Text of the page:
British Nannies and the Great War (Hardback)
How Norland's Regiment of Nannies Coped with Conflict and Childcare in the Great War
In the press!
As seen in the Daily Express: How Norland nannies defied Kaiser Bill
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In 1912, Norland children’s nurse Kate Fox was travelling by train heading to the British military station at Nowshera on the Afghan border to care for the premature baby born to the base’s commanding officer. Two years later, Kate was escaping from Germany in the first days of the Great War, leaving behind her adored German royal charges and all her personal possessions.
Due to their prestige as the crème-de-la-crème of Edwardian children’s nurses to Europe’s royal and wealthy families, Kate was one among many Norland nannies who witnessed the early days of the War on the Continent with all its tumult and fear. Some fled for home; others managed to stay for a while. And yet others gave up their privileged way of life to undertake war work as nurses in Flanders and refugee camps.
The stories in this book are the nannies’ eye-witness accounts described in their correspondence with their beloved Norland Institute. These previously unpublished letters recount a version of women’s Great War history that has remained untold until now.
British Nannies and the Great War is the true story of a group of Edwardian, highly trained and opinionated women in the First World War. For the first time in a century, the Norland nannies’ unique stories of escape from enemy territory, their experiences at home and the Front during the War, and their thoughts on how the conflict changed their role in post-Edwardian Britain are told in their own words.
Norland nannies are the creme de la creme and in British Nannies and the Great War by Louise Heren we learn how a whole regiment of them coped with conflict and childcare, both at home and abroad. Many were involved with royal families and even more with varying levels of aristocracy.This England Autumn 2016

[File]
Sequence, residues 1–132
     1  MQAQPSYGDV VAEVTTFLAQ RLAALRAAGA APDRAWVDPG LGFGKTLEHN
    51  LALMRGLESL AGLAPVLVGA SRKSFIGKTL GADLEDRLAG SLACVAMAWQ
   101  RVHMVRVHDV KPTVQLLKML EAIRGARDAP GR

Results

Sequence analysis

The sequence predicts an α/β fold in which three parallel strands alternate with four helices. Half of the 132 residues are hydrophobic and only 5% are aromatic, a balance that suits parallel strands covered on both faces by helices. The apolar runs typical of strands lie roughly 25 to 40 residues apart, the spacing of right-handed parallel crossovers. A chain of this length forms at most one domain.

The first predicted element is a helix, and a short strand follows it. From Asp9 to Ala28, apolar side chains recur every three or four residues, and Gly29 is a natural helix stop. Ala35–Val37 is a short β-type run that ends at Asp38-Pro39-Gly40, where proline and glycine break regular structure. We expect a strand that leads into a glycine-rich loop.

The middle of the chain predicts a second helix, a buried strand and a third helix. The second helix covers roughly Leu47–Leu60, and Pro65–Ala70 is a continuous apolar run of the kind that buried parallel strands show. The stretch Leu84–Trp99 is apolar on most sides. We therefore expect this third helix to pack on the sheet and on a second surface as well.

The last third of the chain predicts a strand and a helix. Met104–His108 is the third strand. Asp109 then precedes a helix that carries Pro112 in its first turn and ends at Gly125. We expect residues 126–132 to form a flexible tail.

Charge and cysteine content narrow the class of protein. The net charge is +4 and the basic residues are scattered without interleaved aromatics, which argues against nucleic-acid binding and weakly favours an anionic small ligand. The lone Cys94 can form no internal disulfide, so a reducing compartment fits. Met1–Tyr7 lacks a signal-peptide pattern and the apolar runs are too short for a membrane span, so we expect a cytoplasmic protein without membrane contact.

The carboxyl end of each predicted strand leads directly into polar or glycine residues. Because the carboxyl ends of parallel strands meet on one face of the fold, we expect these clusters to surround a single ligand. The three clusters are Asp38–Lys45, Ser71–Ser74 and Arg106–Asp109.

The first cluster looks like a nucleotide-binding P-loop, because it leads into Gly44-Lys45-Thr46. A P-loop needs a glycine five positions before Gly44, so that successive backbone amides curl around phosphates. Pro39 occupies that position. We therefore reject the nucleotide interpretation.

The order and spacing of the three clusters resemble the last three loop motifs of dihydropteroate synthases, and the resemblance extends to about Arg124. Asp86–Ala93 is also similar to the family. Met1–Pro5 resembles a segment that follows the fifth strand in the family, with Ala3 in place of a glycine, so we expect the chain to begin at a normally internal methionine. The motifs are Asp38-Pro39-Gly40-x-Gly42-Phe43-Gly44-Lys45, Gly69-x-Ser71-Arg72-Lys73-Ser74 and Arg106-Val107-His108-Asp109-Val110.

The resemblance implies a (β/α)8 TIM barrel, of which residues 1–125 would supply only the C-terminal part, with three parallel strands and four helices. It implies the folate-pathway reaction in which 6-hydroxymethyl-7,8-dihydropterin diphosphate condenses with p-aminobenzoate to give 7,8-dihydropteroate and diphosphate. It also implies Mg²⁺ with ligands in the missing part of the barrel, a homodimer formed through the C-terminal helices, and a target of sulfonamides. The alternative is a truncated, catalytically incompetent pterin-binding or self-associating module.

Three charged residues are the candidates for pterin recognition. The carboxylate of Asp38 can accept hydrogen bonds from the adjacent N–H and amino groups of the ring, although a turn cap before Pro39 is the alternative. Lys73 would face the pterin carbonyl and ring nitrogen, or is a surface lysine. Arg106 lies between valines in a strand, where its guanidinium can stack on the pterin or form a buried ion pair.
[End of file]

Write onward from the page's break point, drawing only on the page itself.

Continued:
As featured inThe Lady, 17th June 2016
An excellent social history of the First World War told from a completely new perspective.Who Do You Think You Are? Magazine June 2016
There's an overpowering tendency to think of the Great War as a man's war; after all, women didn't have the vote, they didn't count for much in the grand scheme of things in the early years of the 20th century. The truth, however, is that as well as affecting almost every woman in those countries in which the conflict took place, a huge number of women were involved in the war. At the time of the outbreak of war, there were still vast numbers of privileged people living in Europe who required nannies to look after their privileged offspring. It was a decent enough job. This fascinating collection of recollections and thoughts brings the point of view of some of the women involved into sharp perspective. Well worth a read.Books Monthly, May 2016 - Paul Norman
Fascinating stories about women spread to the four corners during such a tumultuous time in history. Great read!Amazon Review
A comprehensive and vivid portrayal of life during the Great War. Very well detailed and researched, the book is a fascinating representation of the realities faced daily by the Norland Nannies and uncovers evidence unseen for a century providing a new insight into their personal experiences encountered at this most challenging time in World history.Amazon Review
Prefaced by HRH Crown Princess Marie-Chantal of Greece, British Nannies and the Great War is full of facets and features that retain your interest throughout. A thoroughly good read.